Krugman’s Blog, 4/18/13

Just one post yesterday, “Correlation, Causality, and Casuistry:”

And I’m back. This real life thing is getting in the way of my blogging, so maybe I should give it up.

The delay has put me behind the curve on two new entries in the Reinhart-Rogoff affair, by Arindrajit Dube and Matt O’Brien. On the other hand, it’s given me time to think about Dube’s post, which I felt I needed to do before posting myself.

Dube tries to take on the issue of whether high debt causes slow growth or vice versa. His approach is clever, comparing the power of debt as a predictor of both past and future growth, but to my taste he skips too many steps in his explanation. So let me try to fill in the gaps.

Imagine one story — the story that R-R are implicitly telling — in which countries differ in their fiscal responsibility, this leads to different levels of debt, and those countries with high debt then suffer from slow growth. In that story, debt should be a pretty good predictor of future growth. You might also expect to see some correlation between debt and past growth, because debt levels change only gradually over time, and a country with high debt now typically had high debt and hence slow growth a few years ago too. But you’d expect the relationship between debt and future growth to be stronger than the relationship between debt and past growth.

Now imagine another story, in which countries aren’t that different in fiscal responsibility, but in which some countries for whatever reason — burst bubbles, declining fertility, structural problems coming from social change or something — have slower growth than others. Very plausibly, slow growth would lead to rising debt ratios, both because of slow growth in revenues and simply because the denominator of the ratio would be smaller. In this case past debt should be strongly related to past growth. You might also expect some relationship between debt and future growth, because growth tends to be “serially correlated” — countries that grew slowly in the past tend to keep growing slowly — but that relationship should be weaker.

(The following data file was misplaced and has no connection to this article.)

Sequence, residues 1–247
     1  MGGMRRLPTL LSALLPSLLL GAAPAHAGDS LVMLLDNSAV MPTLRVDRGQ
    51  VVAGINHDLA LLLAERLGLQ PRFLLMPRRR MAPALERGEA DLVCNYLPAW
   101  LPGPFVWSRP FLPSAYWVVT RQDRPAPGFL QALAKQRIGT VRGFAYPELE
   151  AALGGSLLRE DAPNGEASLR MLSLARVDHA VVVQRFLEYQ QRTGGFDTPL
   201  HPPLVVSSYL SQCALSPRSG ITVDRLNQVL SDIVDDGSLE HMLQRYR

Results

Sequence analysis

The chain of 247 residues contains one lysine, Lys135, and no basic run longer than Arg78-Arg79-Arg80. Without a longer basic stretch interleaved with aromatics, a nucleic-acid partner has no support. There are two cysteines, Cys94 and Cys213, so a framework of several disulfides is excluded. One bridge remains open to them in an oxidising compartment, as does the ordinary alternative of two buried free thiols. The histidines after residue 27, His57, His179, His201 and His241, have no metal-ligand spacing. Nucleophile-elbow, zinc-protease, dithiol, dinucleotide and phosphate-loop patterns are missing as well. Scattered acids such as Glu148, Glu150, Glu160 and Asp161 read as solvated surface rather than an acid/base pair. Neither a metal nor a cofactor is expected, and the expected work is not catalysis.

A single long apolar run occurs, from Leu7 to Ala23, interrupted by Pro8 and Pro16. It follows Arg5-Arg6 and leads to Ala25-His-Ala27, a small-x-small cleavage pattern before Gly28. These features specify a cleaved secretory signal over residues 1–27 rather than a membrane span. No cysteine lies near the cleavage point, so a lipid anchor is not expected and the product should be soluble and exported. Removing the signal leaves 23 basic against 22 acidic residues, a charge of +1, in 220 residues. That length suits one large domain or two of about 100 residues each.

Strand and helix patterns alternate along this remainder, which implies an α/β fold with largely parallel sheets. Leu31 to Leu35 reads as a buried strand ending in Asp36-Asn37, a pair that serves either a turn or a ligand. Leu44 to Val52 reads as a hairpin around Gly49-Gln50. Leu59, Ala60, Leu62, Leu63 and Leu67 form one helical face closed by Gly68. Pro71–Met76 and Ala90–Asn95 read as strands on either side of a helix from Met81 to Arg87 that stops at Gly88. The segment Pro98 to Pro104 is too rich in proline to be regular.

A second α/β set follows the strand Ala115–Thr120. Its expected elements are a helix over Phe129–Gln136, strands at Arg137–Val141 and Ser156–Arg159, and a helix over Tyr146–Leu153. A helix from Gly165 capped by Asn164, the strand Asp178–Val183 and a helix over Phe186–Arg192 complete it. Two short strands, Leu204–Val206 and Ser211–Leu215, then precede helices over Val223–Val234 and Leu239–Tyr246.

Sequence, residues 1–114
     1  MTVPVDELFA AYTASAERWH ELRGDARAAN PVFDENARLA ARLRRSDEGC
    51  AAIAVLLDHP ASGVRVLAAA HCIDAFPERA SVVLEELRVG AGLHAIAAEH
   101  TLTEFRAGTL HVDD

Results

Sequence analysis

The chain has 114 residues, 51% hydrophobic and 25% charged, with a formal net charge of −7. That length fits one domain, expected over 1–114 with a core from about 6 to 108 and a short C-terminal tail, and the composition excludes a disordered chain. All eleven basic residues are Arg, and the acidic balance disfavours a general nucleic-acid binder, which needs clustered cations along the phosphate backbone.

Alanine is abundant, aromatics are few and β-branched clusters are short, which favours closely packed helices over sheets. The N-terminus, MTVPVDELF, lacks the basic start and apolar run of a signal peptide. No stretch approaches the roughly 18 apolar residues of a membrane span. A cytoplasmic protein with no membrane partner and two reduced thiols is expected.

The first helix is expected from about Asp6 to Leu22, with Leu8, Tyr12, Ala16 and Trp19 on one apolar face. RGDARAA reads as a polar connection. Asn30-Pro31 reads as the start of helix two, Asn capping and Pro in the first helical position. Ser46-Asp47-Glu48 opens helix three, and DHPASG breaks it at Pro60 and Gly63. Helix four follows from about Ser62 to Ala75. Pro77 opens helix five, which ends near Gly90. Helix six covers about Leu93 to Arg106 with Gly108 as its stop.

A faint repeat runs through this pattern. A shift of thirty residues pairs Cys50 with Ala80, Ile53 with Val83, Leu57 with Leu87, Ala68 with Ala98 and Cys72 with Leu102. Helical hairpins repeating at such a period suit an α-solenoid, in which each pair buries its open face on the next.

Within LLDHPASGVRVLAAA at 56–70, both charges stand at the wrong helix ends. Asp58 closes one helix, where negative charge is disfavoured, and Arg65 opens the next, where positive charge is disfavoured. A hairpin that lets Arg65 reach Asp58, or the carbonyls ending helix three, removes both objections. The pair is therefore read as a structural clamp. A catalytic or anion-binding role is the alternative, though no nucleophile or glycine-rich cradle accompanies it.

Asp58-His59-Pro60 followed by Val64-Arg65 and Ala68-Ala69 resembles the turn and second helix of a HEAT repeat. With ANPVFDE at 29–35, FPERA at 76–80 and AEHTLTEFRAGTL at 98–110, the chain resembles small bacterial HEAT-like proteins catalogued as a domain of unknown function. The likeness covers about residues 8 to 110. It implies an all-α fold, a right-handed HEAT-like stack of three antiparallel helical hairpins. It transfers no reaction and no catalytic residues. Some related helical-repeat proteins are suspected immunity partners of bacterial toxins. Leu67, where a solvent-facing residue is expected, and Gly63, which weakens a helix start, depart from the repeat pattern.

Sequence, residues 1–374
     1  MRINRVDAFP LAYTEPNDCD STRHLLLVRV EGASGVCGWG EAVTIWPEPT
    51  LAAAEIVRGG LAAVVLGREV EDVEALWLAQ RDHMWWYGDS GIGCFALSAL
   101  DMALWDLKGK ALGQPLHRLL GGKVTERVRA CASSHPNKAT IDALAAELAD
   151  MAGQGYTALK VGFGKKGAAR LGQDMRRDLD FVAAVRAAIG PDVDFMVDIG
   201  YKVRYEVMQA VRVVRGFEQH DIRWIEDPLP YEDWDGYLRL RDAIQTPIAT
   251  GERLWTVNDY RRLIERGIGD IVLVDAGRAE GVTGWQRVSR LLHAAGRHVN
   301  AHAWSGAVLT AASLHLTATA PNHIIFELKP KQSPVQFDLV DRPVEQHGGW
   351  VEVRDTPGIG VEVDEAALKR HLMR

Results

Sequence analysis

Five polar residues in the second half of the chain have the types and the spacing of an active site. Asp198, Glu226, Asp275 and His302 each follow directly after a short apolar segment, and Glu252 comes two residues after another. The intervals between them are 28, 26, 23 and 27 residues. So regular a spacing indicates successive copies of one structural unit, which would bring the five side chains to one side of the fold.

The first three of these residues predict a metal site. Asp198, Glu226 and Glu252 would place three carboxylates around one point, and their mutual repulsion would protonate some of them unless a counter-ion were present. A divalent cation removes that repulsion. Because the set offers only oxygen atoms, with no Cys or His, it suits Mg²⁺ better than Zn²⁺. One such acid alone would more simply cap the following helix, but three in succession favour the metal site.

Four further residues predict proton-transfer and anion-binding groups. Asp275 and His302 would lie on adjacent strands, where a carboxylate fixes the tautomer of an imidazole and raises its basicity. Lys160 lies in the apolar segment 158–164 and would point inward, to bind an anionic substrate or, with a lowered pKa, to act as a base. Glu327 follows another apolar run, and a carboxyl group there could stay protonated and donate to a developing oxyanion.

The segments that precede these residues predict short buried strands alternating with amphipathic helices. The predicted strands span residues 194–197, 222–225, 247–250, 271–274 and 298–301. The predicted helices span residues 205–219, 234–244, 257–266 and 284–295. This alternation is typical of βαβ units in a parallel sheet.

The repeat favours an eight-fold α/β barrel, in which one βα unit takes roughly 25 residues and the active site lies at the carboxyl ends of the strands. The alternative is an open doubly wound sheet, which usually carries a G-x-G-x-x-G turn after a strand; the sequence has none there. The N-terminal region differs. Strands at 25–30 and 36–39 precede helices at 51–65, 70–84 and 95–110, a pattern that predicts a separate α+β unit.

So Dube does the exercise, and it looks like this:

Clearly, the data look a lot more like story #2, in which slow growth causes high debt, than story #1, which is what everyone hyping Reinhart-Rogoff claimed.

And the everyone hyping Reinhart-Rogoff very much included Reinhart and Rogoff themselves. Matt O’Brien has the goods. It’s true that their papers never said outright that the relationship was causal, but they weren’t anywhere near that scrupulous in op-eds and other media presentations. And the truth is that the papers may not have stated causation flatly, but it was clearly insinuated. By trying to claim now that they never meant to imply such a thing, R-R are falling down seriously in the menschhood test.

One last thing: even if you take Dube’s forward-looking regression as a causal relationship, which you shouldn’t, notice how weak that relationship is in the relevant range. It looks as if raising debt from 50 to 150 percent of GDP, other things equal, reduces growth by around 0.1 percentage point over the next three years. This is the dreadful consequences that prevents us from doing anything about mass unemployment?

 

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One Response to “Krugman’s Blog, 4/18/13”

  1. Blather Says:

    Since the markets per se revolve on the sale and usage of debt why hasn’t any economist, not merely “economist” or “some ….” made a real world example of how it is used in capitalism? You say otherwise. But the markets in the US typically run afoul of the line of reason when it comes to debt inspired by gains. Rather than look for the sum or number of numbers to locate Ford’s treasure trove instead look to formulate a business principle that relies on gains albeit steady not Quickened which propel business growth. In sum the use of stock shares as paper quality of no value mark capitalism as a failed attempt to grow something from nothing. It can be easily explained in simplification of the Glass-Steagall Act. Cynics will say there will always be Blackstones and Buffetts but at least the rules would be clear’er’.

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